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Department of Classics

OCR GCSE Latin Verse Text

Virgil: Aeneid II
Lines 268-280, 298-317, 624-654, 671-716, 768-792

Virgil, Selections from Aeneid II, ed. C. H. Craddock

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Glossary of Names and Places

Anchises The old and crippled father of Aeneas (see reference to Jupiter).

Andromache Wife of Hector.

Ascanius The son of Aeneas by Creusa, also called Iulus.

Ceres Goddess of grain, harvesting and the seasons. The word "abandoned" in line 714 refers
both to her ancient…

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Neptune God of the sea. Troy is called "Neptune's Troy" because Neptune and Apollo built its

Olympus Mountain home of the gods.

Pergama Another name for Troy.

Phyrgian Another term for Trojan.

Priam King of Troy. Beheaded by Neoptolemus (also called Pyrrhus), the son of Achilles,
during the destruction…

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48 B.C. Caesar wins the Battle of Pharsalus, defeating Pompey, who flees to Egypt where he is killed.
On October 18 Octavian (young Augustus) puts on the toga virilis: Octavian is officially a man.
45 B.C. Octavian accompanies Caesar to Spain for the Battle of Munda.
44 B.C. March 15…

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In fact, Virgil did not survive to complete The Aeneid (he died in 19BC) and left instructions to his
literary executors to destroy the manuscript: they didn't do it! For most of his poetic career Virgil had a
literary patron called Maecenas, who was a very powerful man in Augustan…

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horrifying death of Laocoon. Aeneas then in a dream sees Hector, one of the king's sons killed earlier in the war,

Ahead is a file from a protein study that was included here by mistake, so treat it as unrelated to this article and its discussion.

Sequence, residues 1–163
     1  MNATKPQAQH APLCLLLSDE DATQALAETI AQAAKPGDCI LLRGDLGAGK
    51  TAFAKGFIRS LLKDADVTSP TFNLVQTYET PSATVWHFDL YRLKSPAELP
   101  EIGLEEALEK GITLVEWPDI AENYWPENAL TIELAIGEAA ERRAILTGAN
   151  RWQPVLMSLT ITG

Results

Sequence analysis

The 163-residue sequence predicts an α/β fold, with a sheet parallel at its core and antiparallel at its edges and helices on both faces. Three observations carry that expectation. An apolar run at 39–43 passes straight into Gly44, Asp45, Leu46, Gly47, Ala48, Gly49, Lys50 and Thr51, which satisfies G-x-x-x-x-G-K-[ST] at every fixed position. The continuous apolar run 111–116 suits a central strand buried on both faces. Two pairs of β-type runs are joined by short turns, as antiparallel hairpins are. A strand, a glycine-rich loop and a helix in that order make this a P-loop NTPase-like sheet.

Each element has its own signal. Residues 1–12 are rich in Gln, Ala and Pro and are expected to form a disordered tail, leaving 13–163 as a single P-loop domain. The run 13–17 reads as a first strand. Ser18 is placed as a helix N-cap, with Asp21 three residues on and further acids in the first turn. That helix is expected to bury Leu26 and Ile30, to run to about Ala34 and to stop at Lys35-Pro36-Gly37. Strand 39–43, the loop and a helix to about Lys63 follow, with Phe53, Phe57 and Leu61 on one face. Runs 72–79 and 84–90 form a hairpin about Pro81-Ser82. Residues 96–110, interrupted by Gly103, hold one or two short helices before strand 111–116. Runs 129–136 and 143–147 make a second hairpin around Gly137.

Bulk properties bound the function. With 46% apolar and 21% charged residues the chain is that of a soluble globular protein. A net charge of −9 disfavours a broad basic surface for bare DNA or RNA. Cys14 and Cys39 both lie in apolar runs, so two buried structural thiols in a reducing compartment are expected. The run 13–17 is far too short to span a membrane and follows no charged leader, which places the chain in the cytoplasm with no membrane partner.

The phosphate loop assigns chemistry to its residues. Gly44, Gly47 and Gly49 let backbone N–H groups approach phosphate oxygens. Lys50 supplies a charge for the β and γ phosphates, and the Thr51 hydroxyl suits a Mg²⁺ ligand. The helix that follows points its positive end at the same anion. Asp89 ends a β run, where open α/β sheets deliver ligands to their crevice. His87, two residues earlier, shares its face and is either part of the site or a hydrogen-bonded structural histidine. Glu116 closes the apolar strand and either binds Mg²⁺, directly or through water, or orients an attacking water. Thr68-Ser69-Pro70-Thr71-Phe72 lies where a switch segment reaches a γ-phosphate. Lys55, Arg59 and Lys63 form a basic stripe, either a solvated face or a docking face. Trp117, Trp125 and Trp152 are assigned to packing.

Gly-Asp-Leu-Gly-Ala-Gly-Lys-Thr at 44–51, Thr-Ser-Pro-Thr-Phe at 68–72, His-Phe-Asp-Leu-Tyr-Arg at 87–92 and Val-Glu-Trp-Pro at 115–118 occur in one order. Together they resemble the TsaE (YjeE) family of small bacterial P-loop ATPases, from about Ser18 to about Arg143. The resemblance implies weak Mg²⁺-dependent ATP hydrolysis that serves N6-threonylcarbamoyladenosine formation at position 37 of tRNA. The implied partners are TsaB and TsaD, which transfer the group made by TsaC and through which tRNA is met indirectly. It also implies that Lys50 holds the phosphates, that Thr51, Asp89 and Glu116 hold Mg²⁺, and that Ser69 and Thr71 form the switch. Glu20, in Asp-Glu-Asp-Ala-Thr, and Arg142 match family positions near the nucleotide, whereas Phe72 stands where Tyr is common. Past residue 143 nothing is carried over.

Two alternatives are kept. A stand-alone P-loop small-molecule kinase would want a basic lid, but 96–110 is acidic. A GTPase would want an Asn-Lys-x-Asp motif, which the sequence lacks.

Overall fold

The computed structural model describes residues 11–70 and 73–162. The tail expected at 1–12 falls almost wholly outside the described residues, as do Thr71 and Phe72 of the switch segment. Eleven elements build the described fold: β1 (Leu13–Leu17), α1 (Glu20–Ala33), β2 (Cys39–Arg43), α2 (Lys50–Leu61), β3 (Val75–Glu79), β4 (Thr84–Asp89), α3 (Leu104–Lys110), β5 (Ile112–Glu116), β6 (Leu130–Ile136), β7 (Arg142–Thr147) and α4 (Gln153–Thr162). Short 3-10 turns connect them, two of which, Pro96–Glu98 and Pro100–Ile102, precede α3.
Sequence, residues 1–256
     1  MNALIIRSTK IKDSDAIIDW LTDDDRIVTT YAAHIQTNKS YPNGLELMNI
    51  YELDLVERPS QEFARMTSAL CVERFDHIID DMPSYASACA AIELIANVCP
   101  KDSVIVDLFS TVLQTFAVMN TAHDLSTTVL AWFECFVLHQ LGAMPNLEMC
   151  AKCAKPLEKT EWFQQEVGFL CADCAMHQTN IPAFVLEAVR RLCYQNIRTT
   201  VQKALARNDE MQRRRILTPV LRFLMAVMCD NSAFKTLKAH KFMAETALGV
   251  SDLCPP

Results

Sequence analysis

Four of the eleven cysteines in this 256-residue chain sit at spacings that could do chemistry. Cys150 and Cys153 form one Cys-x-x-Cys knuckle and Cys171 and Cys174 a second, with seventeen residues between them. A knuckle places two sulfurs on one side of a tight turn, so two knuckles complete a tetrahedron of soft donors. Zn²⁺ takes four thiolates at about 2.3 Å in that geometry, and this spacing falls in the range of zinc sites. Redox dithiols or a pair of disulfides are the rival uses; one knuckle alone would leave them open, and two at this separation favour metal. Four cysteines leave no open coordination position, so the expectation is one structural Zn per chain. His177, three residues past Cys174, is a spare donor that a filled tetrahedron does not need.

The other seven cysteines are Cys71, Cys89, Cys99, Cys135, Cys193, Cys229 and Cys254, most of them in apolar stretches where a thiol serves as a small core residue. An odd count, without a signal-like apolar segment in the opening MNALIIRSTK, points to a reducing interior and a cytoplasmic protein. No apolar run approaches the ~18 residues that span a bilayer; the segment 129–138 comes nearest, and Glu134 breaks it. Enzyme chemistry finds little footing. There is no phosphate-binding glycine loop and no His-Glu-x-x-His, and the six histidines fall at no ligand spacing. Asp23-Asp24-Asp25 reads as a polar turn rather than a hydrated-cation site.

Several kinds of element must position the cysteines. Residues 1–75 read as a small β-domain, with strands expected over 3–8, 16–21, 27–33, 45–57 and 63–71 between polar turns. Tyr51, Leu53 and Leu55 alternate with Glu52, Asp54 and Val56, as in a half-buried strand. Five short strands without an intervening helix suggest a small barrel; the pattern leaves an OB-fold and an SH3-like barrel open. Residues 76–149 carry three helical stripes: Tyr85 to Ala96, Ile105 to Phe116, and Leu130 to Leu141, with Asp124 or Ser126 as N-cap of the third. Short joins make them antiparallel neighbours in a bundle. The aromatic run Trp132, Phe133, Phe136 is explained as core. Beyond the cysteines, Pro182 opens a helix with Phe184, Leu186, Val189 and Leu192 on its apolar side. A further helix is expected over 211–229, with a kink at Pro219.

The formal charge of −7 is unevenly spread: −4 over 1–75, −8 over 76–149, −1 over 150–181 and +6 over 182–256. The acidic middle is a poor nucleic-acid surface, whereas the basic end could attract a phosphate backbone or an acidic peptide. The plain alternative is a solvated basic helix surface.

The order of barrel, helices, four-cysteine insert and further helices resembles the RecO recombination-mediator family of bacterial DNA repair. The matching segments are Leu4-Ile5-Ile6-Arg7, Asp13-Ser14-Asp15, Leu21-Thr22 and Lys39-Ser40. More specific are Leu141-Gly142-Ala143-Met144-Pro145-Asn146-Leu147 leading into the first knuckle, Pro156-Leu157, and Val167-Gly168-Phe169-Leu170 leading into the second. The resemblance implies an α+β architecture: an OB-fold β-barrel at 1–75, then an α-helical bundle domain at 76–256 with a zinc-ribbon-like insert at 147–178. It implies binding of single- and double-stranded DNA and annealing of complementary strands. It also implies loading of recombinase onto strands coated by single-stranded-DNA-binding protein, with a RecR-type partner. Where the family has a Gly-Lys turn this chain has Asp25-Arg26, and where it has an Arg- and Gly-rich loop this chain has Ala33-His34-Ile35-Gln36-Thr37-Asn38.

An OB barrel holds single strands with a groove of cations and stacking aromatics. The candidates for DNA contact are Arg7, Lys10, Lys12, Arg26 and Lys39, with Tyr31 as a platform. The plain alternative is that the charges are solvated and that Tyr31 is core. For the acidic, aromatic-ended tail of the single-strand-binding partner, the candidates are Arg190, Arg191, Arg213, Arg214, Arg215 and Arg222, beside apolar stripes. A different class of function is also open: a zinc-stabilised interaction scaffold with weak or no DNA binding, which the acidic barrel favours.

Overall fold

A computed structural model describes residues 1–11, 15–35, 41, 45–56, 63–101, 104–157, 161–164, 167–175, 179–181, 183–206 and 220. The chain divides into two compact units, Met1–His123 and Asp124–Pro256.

who warns him to save himself, the Trojan people, and their gods. Aeneas wakes up to find that the Greeks have
broken into the city, and plunges into the…

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402 436 Aeneas sees Cassandra, daughter of Priam, being dragged from the temple of Minerva the Trojans try to
save her. They are bombarded by other Trojans, mistaking them for Greeks, then attacked by the Greeks, including
Ajax, Agamemnon and Menelaus. Other Greeks join the battle and the Trojans are…

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bigae, arum chariot (lit. "a pair of horses")
cruentus, i bloodstains
divum = divorumof the gods (gen. pl.)
donum, i grace (lit. gift) (ablative)
ecce lo! lo and behold! look!
effundo, ere to pour out (translate "pouring out")
fletus, us tears
gratissimus, a, um most welcome (ablative)
incipio, ere (+…

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tempus erat, quo prima quies mortalibus aegris 268
It was the time when rest first takes over exhausted mortal men

incipit, et dono divum gratissima serpit. 269
and creeps over, by the most welcome grace of the gods.

in somnis, ecce, ante oculos maestissimus Hector 270
In my dreams, lo!…

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arma, orum arms, i.e. battle
arrectus, a, um keen, alert, lit. raised/prickedup
ascensus, us ascent, scrambling (abl. sg. "in an ascent")
auris, is ear
claresco, ere to grow clearer, grow more distinct (vivid present)
diversus, a, um chaotic, scattered
horror, oris terrifying din
excutior, oris (I was) shaken out of…


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